Apple’s new credit card has a curious security feature that will make it much more difficult to carry out credit card fraud.
The aptly named Apple Card is a new credit card, built into your iPhone Wallet app, which the company says will help customers live a “healthier” financial lifestyle. The card is designed to replace your traditional credit card and give you perks, such as daily cash. Chief among the benefits is a range of security and privacy features, which Apple says — unlike traditional credit card providers — the company doesn’t know where a customer shopped, what they bought or how much they paid.
But its one feature — a one-time unique dynamic security code — will make it nearly impossible for anyone to use the credit card to make fraudulent purchases.
That three-digit card verification value — or a CVV — on the back of your credit card is usually your last line of defense if someone steals your credit card number, such as if your card is cloned or skimmed by a dodgy ATM or stolen from a website through a phishing attack.
But rotating the security code will increase the difficulty for an attacker to use your card without your permission.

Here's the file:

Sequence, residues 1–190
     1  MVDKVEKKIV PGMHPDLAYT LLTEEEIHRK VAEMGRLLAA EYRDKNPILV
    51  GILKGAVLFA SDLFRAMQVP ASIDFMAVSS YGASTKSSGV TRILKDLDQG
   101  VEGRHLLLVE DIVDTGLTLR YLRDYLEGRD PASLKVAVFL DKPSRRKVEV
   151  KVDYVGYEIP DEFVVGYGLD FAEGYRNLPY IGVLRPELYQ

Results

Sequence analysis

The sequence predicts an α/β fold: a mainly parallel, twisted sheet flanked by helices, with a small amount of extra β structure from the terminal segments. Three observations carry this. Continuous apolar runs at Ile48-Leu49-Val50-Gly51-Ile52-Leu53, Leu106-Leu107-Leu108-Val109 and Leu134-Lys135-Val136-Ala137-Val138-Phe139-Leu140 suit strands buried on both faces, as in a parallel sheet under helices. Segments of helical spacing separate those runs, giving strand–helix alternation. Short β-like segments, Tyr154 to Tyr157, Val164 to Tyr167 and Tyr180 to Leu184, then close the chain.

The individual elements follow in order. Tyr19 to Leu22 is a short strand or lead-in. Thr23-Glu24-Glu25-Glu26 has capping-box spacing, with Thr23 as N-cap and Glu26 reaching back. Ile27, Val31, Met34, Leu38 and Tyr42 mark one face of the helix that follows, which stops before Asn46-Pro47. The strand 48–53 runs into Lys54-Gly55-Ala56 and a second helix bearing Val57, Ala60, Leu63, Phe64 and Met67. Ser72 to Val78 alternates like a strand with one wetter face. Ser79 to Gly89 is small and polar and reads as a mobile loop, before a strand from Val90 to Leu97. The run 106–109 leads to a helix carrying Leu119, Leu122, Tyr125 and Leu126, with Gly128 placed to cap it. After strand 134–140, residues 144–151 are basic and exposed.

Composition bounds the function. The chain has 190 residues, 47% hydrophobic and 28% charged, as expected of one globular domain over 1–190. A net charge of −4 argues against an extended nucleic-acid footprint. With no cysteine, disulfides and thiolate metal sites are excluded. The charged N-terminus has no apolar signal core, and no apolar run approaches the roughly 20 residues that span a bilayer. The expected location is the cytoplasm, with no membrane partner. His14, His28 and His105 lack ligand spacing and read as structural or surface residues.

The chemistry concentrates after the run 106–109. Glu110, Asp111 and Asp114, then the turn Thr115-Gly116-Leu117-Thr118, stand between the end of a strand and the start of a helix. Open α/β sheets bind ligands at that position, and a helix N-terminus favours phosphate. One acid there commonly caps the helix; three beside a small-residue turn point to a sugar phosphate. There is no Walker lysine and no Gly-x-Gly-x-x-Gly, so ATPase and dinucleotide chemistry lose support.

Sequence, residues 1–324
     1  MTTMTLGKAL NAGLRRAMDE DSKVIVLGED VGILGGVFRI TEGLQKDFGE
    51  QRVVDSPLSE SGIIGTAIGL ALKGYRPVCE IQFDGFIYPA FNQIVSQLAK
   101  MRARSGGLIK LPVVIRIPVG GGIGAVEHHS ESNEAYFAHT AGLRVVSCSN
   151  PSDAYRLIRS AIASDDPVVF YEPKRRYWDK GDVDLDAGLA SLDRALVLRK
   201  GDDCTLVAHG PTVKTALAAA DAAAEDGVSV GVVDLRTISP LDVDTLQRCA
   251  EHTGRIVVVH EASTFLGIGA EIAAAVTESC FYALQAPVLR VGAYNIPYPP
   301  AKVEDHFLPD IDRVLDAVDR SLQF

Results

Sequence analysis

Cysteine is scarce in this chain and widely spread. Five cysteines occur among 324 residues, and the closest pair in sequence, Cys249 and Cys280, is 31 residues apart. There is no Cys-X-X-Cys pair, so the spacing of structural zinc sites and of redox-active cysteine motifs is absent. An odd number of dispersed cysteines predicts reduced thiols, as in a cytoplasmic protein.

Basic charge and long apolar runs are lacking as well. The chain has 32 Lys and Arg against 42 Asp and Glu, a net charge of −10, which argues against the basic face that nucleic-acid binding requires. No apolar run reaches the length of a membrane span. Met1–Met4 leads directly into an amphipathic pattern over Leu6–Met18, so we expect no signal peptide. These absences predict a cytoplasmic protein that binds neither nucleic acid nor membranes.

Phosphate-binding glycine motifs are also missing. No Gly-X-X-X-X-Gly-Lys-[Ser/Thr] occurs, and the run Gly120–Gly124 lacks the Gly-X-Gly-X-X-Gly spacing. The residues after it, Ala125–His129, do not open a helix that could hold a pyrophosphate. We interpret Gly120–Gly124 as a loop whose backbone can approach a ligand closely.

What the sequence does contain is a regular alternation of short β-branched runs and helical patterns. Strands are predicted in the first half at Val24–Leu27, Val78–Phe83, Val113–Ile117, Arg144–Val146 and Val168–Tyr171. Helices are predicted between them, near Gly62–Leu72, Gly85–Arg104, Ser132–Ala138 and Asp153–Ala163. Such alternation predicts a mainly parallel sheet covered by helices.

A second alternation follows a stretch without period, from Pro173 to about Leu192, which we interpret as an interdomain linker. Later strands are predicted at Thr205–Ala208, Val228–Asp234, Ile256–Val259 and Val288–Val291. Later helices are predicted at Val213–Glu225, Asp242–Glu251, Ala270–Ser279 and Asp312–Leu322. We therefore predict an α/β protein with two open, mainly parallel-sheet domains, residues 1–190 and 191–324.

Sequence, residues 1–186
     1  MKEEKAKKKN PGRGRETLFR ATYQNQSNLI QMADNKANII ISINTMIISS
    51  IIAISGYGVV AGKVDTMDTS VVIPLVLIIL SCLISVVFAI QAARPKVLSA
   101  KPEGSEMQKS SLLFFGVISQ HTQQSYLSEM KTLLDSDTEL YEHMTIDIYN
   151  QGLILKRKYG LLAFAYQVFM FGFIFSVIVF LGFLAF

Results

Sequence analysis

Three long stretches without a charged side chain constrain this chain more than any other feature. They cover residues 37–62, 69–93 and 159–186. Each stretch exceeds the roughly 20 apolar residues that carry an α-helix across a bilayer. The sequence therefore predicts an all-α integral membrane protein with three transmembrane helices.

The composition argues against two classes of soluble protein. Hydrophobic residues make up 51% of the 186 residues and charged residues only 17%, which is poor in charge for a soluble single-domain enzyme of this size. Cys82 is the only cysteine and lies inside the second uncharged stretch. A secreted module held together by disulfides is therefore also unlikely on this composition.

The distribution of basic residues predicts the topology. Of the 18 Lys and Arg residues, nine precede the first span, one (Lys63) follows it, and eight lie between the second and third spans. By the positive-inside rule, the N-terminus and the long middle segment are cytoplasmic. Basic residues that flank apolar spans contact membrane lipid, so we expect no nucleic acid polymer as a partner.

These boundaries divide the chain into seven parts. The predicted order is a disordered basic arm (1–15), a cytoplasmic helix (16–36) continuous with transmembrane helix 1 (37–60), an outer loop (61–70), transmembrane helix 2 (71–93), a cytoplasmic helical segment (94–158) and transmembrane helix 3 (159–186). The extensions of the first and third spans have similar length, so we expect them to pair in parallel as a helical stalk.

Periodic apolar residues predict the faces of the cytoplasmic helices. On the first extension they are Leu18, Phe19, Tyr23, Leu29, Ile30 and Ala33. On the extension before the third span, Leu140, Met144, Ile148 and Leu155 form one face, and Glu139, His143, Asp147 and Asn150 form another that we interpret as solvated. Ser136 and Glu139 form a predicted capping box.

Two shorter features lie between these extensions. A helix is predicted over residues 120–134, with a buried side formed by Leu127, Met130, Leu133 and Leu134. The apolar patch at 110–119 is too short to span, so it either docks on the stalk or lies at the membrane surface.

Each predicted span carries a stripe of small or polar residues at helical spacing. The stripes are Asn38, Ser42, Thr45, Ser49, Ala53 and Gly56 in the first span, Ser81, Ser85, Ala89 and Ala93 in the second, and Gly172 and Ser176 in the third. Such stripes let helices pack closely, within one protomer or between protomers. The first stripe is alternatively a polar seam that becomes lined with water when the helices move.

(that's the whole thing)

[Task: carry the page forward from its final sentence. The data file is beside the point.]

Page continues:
The idea of a dynamic credit card number first came about a few years ago with the Motion Code credit card concept, built by Oberthur Technologies, which included a randomly generating number built into a tiny display on the back of the card. The only downside is if someone steals your physical card.
Since then, other credit card makers — including Mastercard, the issuing payment provider for Apple Card — have worked to integrate biometric solutions instead. By enabling a fingerprint sensor on the card, powered by the card machine it was entered into, it was hoped that fraudulent purchases would be impossible. Other credit cards have worked to roll out biometric-powered credit cards. Again — a big letdown was online fraud, which still accounts for a huge proportion of fraud.
Apple Card seems to meld the two things: a virtual credit card with a rotating security code, protected by a biometric, like Touch ID or Face ID in newer devices. Better yet, the company’s debut physical titanium credit card won’t even have a credit card number.
Now if someone wants to commit fraud, they need to steal your phone and your face or fingerprint.
Like other sensitive data — such as health, financial and biometric data — any banking and credit card data is stored on the device’s security chip, known as the secure enclave.
Apple Card will be available in the U.S. later this summer.